April 2017: Toxicology and Industrial Health
Sharyn Gaskin, Linda Heath, Dino Pisaniello, Richard Evans, John W Edwards, Michael Logan, Christina Baxter
Accidental or intentional releases of toxic gases can have significant public health consequences and emergency resource demands. Management of exposed individuals during hazardous material incidents should be risk and evidence based, but there are knowledge gaps in relation to dermal absorption of gases and management advice for potentially exposed individuals. Using a modified Organization for Economic Co-operation and Development (OECD) in vitro toxicology protocol with human donor skin, this article reports on two common and odorous chemicals, hydrogen sulphide and phosphine...
April 2017: Toxicology and Industrial Health
M Reshma Anjum, P Madhu, K Pratap Reddy, P Sreenivasula Reddy
The aim of this study was to investigate the beneficial effects of zinc (Zn) in preventing lead (Pb)-induced reproductive toxicity in Wistar rats. The rats were divided into four groups, namely, control group, Pb group, Zn group, and Pb + Zn group. Animals were exposed to Pb (819 mg of Pb/L) or Zn (71 mg of Zn/L) or both through drinking water for 65 days. Rats exposed to Pb showed decreased weights of testes and accessory sex organs. Significant decrease in the testicular daily sperm production, epididymal sperm count, motility, viability, and number of hypoosmotic tail coiled sperm was observed in Pb-exposed rats...
March 2017: Toxicology and Industrial Health
Xue Bai, Tianhua Chen, Yang Gao, Hao Li, Zhenzhong Li, Zhen Liu
Polybrominated diphenyl ethers (PBDEs) exist extensively in the environment as contaminants, in which 2,2',3,3',4,4',5,5',6,6'-decabrominated diphenyl ether (BDE-209) is the most abundant PBDE found in human samples. BDE-209 has been shown to cause neurotoxicity of primary sensory neurons with few effective therapeutic options available. Here, cultured dorsal root ganglion (DRG) neurons were used to determine the therapeutic effects of insulin-like growth factor-1 (IGF-1) on BDE-209-induced neurotoxicity. The results showed that IGF-1 promoted neurite outgrowth and cell viability of DRG neurons with BDE-209-induced neurotoxicity...
March 2017: Toxicology and Industrial Health
Veruscka Leso, Ilaria Capitanelli, Erika Alessandra Lops, Walter Ricciardi, Ivo Iavicoli
Diabetes mellitus (DM) is a group of metabolic diseases that may originate from an interaction between genetic and lifestyle risk factors. However, the possible role of occupational chemical exposures in the disease development and progression remains unclear. Therefore, this review aimed to provide a comprehensive evaluation of the relationship between occupational exposure to specific chemical substances or industrial activities and DM morbidity and mortality outcomes. Although some positive findings may support the diabetogenic role of certain pesticides and dioxins in different workplaces, the variable conditions of exposure, the lack of quantitative environmental or biological monitoring data and the different outcomes evaluated do not allow defining a specific exposure-disease causality...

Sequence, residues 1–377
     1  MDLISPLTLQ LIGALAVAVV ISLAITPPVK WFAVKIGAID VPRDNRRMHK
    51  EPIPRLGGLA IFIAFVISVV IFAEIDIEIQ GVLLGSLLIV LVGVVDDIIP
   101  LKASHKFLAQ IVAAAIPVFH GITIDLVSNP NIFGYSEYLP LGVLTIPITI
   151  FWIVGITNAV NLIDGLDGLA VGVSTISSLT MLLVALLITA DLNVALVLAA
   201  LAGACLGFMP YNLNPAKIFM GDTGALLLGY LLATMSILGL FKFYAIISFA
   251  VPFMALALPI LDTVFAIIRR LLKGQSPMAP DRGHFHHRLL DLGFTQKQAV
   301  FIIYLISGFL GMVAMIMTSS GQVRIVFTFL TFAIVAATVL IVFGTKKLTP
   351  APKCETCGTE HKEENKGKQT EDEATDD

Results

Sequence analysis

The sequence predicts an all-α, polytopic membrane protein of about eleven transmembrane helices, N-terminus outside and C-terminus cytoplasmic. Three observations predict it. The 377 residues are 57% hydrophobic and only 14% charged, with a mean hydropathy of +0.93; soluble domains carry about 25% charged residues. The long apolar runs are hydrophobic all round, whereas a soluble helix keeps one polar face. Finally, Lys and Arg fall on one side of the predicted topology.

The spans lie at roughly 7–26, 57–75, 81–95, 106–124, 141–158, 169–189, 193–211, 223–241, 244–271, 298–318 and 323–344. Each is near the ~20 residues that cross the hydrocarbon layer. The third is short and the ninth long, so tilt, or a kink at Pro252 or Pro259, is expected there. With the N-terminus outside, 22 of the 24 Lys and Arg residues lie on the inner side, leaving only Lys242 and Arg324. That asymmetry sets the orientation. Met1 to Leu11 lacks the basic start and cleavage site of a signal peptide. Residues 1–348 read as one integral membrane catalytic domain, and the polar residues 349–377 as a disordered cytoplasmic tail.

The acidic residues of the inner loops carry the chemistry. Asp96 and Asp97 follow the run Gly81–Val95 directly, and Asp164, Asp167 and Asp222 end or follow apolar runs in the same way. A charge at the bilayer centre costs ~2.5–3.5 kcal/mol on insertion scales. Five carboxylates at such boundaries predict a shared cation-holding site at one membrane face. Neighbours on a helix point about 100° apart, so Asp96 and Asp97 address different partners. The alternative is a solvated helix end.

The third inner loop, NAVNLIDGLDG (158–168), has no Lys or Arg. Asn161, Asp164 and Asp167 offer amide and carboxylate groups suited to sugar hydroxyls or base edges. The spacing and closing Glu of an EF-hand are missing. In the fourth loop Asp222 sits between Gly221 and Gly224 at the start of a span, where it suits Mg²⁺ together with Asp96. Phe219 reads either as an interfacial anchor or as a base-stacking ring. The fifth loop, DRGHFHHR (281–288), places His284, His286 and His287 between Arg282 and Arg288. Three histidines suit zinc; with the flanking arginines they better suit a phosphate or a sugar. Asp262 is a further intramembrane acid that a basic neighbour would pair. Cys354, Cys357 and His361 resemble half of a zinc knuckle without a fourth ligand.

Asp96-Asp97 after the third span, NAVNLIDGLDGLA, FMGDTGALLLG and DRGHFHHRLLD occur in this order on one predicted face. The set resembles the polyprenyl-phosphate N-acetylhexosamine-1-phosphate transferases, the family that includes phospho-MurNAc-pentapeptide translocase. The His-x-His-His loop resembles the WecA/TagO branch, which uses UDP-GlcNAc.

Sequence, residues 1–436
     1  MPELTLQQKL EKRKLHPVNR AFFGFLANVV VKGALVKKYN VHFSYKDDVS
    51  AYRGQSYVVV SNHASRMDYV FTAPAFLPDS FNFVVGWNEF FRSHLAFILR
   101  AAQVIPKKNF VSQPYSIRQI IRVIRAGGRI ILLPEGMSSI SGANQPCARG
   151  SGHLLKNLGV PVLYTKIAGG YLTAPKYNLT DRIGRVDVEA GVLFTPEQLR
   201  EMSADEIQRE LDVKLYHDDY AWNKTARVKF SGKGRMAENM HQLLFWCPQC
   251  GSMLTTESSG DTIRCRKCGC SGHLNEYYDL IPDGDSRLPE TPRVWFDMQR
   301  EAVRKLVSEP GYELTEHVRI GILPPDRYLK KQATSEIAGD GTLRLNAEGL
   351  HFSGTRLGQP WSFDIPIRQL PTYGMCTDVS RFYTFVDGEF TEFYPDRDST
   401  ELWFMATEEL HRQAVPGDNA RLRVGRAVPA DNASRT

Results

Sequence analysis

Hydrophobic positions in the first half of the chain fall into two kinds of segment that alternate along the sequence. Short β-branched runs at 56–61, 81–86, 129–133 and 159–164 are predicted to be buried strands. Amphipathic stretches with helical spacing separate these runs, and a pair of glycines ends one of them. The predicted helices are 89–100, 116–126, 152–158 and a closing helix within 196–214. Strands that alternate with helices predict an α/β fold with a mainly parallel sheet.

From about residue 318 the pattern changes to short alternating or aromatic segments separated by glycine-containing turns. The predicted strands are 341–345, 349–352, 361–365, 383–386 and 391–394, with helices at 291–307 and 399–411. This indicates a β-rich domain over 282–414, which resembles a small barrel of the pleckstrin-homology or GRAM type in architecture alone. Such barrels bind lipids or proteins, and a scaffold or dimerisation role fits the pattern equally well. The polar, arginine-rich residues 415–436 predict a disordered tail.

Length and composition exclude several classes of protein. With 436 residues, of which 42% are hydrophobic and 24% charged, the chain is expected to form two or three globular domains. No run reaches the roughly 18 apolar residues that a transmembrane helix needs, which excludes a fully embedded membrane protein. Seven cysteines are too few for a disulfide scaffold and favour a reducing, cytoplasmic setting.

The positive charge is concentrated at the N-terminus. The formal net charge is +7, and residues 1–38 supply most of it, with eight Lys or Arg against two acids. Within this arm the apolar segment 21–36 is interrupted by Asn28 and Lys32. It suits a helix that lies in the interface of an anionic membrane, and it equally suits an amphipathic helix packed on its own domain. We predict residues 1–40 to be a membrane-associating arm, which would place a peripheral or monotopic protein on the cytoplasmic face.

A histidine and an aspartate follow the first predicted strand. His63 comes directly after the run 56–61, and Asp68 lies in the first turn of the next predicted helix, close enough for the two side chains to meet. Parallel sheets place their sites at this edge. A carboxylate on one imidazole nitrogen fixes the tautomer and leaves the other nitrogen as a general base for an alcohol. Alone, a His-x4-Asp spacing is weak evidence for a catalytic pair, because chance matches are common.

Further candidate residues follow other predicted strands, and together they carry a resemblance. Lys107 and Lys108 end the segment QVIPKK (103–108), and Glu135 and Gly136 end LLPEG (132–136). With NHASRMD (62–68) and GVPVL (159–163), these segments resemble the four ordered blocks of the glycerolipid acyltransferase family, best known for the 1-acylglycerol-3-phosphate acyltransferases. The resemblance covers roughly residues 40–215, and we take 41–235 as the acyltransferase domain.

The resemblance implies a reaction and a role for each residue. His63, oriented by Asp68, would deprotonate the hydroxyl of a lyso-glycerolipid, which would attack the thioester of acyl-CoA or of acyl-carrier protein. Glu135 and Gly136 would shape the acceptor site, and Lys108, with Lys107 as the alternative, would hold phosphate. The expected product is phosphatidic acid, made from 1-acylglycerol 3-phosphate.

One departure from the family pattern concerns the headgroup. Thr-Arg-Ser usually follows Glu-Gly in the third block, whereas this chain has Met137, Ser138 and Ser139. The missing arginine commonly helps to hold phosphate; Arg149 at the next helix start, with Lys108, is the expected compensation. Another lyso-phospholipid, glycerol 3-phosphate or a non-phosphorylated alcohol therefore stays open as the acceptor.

March 2017: Toxicology and Industrial Health
Nitin Nanasaheb Pawar, Prarabdh Chandrakant Badgujar, Laxman Prasad Sharma, Avinash Gopal Telang, Karam P Singh
Lambda cyhalothrin (LCT), a broad-spectrum type II (α-cyano) synthetic pyrethroid pesticide, is widely employed in various agricultural and animal husbandry practices for the control of pests. Acute and chronic exposure to LCT can elicit several adverse effects including oxidative stress. With the objective to investigate nephrotoxicity and neurotoxicity of LCT in mice, we evaluated oxidative stress parameters and histological changes in the kidney and brain of LCT exposed mice. Swiss albino mice were divided randomly into four groups ( n = 6 per group) as: (A) corn oil/vehicle control; (B) 0...
March 2017: Toxicology and Industrial Health
Lisa M Franzi, Angela L Linderholm, Michelle Rabowsky, Jerold A Last
Proposition 2, which requires that egg-laying hens be confined only in ways that allow these animals to lie down, stand up, fully extend their limbs and turn around freely, was passed by the voters of California in 2008. These new housing requirements were introduced in the USA and European Union without considering the potential impact of changes in layer hen housing on the health of poultry workers in the new facilities. Particles were collected from ambient air inside a large layer hen complex featuring separate barns with conventional battery caging, enriched caging, or 'free range' (aviary) housing during winter, spring, and summer seasons over one year...
March 2017: Toxicology and Industrial Health